d-76 problem with hp5+greenspun.com : LUSENET : Large format photography : One Thread
Ok, I just started using d-76 about 1 month ago. I'm using a nice 68 degree water, in a 8x10 tray for 5x7 film 1:1 dilution of stock. Each time I process film I get a pretty good one at 11 min, then the next one will be thin, then the next even worse even though I'm end up after the 2nd one cutting down on the length of time film is in the soup. I even cut out the before water bath, but that hasn't helped. I'd think perhaps it is a pre-processing trouble, but...it has happened exactly the same way the 3 times I have processed this last month. All ideas welcome. Since I usually overlook some incredably simple truth I will try and prepare myself for your answers, and of course scathing remarks about my obvious lack of intelligence will be tolerated. The thing I try to remember about life is "a mistake made is a lesson learned" Sincerely, and thanks jh
-- jules hancock (firstname.lastname@example.org), January 13, 2002
How much developer are you putting in the tray? How many negatives are you developing at the same time? Are you reusing the same developer for more than one negative or group of negatives? It sounds to me as though you may have too little developer in the tray and/or you're reusing developer that is partially exhausted but it's hard to know for sure without knowing exactly what you're doing.
-- Brian Ellis (email@example.com), January 13, 2002.
Jules: This is probably pretty simple. Pick one of these: (a) your developer is starting out at 68 degrees and cooling off, causing thinner negatives [not too likely, but it would cause this effect]; (b) you are wearing out your developer [more likely -- without having any tables to look at I'm giving you a guess, but if you're developing more than two sheets of 5X7 film in one quart of d76 diluted 1:1, you're pressing your luck. Many people use it one shot. But one thing you state in your email suggests you may not understand that more time in the developer makes the negatives more dense (thicker) not thinner. It sounds like you are trying to stop your negatives from getting thinner by pulling them sooner from the developer ("soup") in which case you have it backwards. By cutting down the time you are guaranteeing yourself thinner negatives. Hope this helps, and feel free to ask any other questions.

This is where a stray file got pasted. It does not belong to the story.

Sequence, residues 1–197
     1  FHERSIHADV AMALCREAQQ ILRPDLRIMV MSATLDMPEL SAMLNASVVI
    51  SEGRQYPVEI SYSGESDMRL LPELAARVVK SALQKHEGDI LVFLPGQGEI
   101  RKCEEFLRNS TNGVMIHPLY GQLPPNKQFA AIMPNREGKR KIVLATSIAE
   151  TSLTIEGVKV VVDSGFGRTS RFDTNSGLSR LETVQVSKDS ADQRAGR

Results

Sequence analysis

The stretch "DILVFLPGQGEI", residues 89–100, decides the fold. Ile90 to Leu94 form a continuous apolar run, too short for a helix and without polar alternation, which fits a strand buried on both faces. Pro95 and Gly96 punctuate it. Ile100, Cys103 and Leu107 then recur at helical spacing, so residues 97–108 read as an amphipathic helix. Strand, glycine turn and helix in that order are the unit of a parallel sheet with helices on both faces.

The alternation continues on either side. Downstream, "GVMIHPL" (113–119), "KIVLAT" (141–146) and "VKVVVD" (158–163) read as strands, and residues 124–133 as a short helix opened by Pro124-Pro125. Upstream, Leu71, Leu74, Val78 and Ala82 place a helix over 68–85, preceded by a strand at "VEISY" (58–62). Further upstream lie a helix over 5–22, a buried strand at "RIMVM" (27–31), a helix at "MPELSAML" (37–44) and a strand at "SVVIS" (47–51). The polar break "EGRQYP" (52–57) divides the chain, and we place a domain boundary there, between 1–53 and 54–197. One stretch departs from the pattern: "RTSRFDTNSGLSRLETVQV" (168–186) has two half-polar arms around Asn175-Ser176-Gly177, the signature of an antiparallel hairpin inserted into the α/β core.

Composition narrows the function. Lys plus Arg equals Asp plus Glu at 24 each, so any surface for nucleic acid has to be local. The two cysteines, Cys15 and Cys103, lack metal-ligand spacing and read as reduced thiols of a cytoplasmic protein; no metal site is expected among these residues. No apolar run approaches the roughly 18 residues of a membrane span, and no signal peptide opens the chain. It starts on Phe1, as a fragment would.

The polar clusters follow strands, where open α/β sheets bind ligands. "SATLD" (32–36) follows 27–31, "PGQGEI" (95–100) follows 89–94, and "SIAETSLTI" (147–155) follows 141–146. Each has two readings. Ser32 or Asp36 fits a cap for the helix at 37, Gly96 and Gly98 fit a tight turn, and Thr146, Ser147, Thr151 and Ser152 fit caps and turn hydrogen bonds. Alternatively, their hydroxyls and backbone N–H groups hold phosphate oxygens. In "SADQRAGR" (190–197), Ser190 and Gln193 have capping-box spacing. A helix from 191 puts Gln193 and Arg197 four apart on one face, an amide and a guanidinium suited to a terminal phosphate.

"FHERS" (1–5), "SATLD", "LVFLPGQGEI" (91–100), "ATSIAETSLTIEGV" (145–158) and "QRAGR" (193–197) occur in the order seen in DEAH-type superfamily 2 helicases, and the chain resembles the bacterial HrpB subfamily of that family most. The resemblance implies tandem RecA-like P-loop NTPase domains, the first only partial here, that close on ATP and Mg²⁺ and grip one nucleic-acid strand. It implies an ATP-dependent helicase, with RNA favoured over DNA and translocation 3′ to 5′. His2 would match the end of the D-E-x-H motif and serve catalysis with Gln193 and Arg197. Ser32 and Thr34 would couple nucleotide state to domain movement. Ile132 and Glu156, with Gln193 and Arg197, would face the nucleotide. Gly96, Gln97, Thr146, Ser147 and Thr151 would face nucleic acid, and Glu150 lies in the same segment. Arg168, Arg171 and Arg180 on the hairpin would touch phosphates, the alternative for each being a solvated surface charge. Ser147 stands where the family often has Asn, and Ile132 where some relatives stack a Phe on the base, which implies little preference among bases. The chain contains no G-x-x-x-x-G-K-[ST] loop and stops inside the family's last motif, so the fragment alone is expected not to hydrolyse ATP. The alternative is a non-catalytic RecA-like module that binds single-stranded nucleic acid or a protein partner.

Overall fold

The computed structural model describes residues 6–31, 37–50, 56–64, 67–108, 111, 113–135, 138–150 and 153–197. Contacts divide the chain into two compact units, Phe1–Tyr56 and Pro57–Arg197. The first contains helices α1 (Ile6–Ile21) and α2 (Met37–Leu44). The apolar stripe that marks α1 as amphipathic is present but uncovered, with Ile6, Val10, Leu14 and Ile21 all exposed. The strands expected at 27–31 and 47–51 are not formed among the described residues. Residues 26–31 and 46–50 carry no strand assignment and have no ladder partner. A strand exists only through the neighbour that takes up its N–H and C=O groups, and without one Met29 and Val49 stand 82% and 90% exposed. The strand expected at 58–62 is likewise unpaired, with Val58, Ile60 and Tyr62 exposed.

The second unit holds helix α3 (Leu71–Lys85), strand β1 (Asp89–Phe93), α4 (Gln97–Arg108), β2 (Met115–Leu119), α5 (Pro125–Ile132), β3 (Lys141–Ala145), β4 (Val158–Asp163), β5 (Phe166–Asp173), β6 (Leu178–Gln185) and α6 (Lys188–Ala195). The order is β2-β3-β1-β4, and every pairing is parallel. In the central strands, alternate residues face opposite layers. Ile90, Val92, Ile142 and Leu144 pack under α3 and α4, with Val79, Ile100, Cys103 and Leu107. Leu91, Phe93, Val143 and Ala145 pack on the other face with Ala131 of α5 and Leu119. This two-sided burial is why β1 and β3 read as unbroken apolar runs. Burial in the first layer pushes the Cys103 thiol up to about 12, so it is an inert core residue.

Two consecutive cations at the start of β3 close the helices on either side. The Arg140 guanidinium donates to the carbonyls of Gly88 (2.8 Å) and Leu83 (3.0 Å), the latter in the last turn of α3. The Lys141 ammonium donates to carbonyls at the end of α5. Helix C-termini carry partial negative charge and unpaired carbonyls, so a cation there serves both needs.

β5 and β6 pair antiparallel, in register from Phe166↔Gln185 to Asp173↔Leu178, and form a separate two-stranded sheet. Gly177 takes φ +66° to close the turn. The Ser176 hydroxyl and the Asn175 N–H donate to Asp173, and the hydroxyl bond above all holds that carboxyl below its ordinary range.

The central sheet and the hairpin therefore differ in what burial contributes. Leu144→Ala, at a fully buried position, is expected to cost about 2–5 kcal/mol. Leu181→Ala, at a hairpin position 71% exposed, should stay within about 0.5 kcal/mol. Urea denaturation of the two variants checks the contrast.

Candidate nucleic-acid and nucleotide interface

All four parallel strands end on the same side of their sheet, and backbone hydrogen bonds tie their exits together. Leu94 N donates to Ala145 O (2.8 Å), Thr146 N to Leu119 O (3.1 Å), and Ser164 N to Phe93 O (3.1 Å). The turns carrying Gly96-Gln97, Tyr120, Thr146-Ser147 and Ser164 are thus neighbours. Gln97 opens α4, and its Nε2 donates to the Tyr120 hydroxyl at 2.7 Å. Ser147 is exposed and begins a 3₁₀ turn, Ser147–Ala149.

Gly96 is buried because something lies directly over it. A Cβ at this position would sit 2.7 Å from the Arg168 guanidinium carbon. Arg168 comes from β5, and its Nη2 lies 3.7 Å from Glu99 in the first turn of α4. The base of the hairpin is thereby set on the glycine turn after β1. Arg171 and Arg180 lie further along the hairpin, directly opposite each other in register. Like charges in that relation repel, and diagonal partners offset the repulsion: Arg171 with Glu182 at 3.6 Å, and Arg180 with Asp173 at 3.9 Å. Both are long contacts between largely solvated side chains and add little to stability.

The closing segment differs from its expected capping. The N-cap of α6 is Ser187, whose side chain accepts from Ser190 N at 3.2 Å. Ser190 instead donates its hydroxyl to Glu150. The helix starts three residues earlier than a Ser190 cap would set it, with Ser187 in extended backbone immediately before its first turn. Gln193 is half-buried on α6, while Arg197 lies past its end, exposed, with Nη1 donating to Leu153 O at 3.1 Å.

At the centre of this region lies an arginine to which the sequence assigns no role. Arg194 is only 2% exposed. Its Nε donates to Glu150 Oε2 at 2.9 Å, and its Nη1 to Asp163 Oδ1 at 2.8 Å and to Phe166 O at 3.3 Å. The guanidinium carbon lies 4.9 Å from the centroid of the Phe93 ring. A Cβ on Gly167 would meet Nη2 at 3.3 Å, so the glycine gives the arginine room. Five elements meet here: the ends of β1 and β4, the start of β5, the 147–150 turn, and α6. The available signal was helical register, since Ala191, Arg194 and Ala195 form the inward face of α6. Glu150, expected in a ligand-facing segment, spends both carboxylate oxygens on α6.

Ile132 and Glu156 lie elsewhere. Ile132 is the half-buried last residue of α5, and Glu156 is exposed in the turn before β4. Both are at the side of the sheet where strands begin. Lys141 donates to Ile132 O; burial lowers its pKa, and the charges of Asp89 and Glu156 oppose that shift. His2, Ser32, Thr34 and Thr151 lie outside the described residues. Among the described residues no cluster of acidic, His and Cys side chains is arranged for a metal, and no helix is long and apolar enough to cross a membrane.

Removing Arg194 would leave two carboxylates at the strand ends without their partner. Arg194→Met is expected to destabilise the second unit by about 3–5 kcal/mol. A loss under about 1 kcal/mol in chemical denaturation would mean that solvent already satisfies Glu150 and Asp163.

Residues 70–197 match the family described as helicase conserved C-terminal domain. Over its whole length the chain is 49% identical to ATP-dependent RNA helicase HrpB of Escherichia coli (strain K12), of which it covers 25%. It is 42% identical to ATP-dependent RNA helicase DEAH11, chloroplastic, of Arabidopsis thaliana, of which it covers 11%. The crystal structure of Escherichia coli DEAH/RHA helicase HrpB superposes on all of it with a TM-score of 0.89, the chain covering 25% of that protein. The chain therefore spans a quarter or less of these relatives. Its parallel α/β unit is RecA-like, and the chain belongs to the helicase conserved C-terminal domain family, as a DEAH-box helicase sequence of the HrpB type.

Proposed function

-- Kevin Crisp (KRCrisp@aol.com), January 13, 2002.
Kodak recommends using 8 oz. of D-76 per 8x10 sheet of film. (At 1:1 this would of course work out to 16 oz. of working developer per 8x10.) This equals approx. 8 oz. of D-76 1:1 per 5x7 sheet. If you're developing multiple sheets, work out how much soup you need for the batch and develop them all at the same time in a large tray. This way they'll all get the same development. Otherwise (as you've found out) the later sheets will be thin. Or do them one at a time, but use 8 oz. of 1:1 solution per sheet then throw it out.
As to pre-soak (the "before water bath"), Ilford films incorporate a wetting agent which they say eliminates the need for a pre-soak. I pre-soak anyway, but I incorporate the pre-soak water into the developer. (i.e. I add water to the tray, soak for 4 min., then add the same amount of D-76 and restart the timer, thus beginning a 1:1 development with the wetting agent still in the solution.)
I'm doing almost exactly the same thing as you (HP5+ with D-76 1:1 in trays, although I have to do one sheet at a time because I'm using 12x20 film). I use the above pre-soak method with very good results and my times are around 10 min., so your 11 min. should certainly be in the ballpark assuming you have enough developer in the tray. And yes, less development time will give you even thinner negatives.
-- Mark Parsons (firstname.lastname@example.org), January 14, 2002.
Thanks for the help, right away I saw my error. One shot means one shot! I was under the impression that one shot was don't save it for the next batch!!! WOW!!! Really like the quality of tone on the d-76, but don't know if I can afford to keep using this developer when used correctly. Sometimes self-taught leaves something to be desired! Thanks for all your info, everyone! Til next time! jules
-- jules hancock (email@example.com), January 14, 2002.